Identifying Spindles

Years ago, I thought it would be a good idea to replace my original 6 cylinder, 4 bolt drum brakes with 5 bolt disk brakes to match the 5 bolt rear end I have.  It just looked wrong with mismatched bolts front and back, and disks seems like a great plan.

I salvaged a set of spindles, rotors and calipers from a totaled 64 Ranchero that had been setup for racing. I swapped my original spindles for the new setup just before I parked the car for years. This was roughly the same point I was replacing the engine, which also has yet to get closure.

So here I am, 17 years later, trying to get it back on the road again. I find myself getting sucked into the details of all of the various configurations of front suspension that can work with the variety of classic mustangs. Of course, one of the first things I learned, is that in 67, there is only one spindle. Regardless of disk or drum, 6 or 8 cylinder, it’s all the same spindle. I wish I had known this back before I took those off and did who knows what with them. Ah well, back on the path forward.

Looking at what I have, there are a few distinctive points that are quickly noticed.

spindle

In learning about spindles, I noticed this has 3 holes at the base of the pin, not 4 like what would have been on my 67 originally. It also has this strange caliper bracket which I didn’t find in many searches.

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That’s for the single piston caliper. Knowing little about brakes, the idea of a single piston seems odd to me. I guess we are talking about technology nearly 50 years old. I have a feeling I am going to learn more history and eventually understand how this all worked out.

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The calipers had a part number on them, but that didn’t get me far with Google. The more I found, the less relevant the caliper part number seemed to be. The key was in the spindle, and the after-market brakes don’t use this or the bracket.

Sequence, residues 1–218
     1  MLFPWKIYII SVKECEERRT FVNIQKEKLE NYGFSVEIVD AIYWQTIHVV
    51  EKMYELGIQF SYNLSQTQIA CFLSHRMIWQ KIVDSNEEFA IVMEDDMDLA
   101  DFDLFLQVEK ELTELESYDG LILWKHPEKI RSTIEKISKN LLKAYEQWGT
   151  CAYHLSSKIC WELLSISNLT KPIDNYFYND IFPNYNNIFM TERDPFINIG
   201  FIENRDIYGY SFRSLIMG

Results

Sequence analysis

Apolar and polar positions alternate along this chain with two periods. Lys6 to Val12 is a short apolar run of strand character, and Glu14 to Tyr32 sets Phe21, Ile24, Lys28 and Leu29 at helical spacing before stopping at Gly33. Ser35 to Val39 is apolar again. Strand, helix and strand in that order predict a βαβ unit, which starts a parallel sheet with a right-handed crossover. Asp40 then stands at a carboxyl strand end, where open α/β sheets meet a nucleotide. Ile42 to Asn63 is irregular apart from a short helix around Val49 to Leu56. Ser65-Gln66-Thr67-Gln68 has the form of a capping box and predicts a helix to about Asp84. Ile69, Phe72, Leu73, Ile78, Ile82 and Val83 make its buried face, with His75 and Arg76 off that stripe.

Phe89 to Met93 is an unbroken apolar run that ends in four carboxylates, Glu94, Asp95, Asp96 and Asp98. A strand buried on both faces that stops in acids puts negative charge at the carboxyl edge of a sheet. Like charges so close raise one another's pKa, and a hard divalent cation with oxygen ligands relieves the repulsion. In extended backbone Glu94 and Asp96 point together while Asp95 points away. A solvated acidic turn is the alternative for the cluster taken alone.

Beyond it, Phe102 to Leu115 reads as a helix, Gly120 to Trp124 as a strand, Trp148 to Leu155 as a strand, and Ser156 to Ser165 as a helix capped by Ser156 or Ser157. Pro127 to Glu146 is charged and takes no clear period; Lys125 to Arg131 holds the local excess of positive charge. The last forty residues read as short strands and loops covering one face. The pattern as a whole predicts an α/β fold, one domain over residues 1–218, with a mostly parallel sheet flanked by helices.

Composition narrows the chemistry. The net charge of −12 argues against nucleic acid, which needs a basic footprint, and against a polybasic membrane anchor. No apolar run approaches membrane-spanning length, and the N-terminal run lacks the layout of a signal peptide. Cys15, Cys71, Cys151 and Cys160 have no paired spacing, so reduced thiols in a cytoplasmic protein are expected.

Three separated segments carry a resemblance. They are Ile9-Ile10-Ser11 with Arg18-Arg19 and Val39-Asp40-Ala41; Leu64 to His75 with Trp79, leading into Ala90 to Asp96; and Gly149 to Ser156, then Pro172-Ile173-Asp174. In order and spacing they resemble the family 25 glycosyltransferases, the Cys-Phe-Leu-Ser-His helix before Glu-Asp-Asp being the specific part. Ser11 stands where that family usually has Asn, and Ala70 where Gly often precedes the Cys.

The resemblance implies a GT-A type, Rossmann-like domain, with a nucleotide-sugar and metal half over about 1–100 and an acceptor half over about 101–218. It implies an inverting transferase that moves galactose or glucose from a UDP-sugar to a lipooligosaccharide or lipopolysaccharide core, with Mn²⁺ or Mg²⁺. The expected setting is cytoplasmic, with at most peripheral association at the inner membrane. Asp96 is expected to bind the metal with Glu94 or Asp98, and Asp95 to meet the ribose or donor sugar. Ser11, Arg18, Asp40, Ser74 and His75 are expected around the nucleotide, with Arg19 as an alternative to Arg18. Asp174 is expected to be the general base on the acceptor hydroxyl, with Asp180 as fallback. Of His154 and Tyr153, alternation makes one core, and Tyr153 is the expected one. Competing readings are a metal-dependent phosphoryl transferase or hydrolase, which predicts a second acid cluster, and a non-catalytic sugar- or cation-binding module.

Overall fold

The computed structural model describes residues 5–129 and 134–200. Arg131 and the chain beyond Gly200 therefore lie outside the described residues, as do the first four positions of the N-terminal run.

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But for the record, here is the caliper bracket. It’s one part with pretty clear numbers. Of course the spindle is the one with the worst casting numbers to read.

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Looking at the forums, I repeatedly see Dan @ Chockostang speaking up as the man who knows what there is to know about mustang brake systems. I found this post pretty much closing the case on what these spindles came from. That should make it easier to order the Wilwood aftermarket 4 piston disk kit. The last question was the rotors that I have.

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I have these spider infested rust buckets for rotors. They are about 11 – 1/4 inches. I also found some evidence that this lines up with the spindles identified at 68’s. I imagine this will lead to a conversation with Wilwood on what the right kit to buy is. I wish I still had my original calipers to measure the OD of the spindle itself.

I had these on the car so that it would roll for the past 17 years so I know they line up with all the right places with appropriate connection diameters. I have never had them driving, but at least I am pretty sure I wont be having the same issues some have with parts not reaching or fitting. That should get me moving on to the parts purchase and assembly of the upper and lower control arms, springs, etc in the next week or two. By the time I finish that, I hope to have the remaining questions on what brake kit to order resolved.

Update 11/14/2019: Coming back to this, I have learned there are basically 4 mustang spindles to consider for a V8 project with disc brakes. 65-66 disc, 67 all, 68-69 disc, and 70-73 disc. Chockostang has a good reference to help identify them on his site here.

These spindles are from a 68-69 disc setup. They have the single floating caliper design. The pin is a smaller diameter than the 70 spindle, but otherwise the same. The preferred spindle would be the big pin from a 70 disc setup for strength, or a 67 spindle and go with the stock style Kelsey-Hayes 4 piston calipers, making it easy to find replacement parts.

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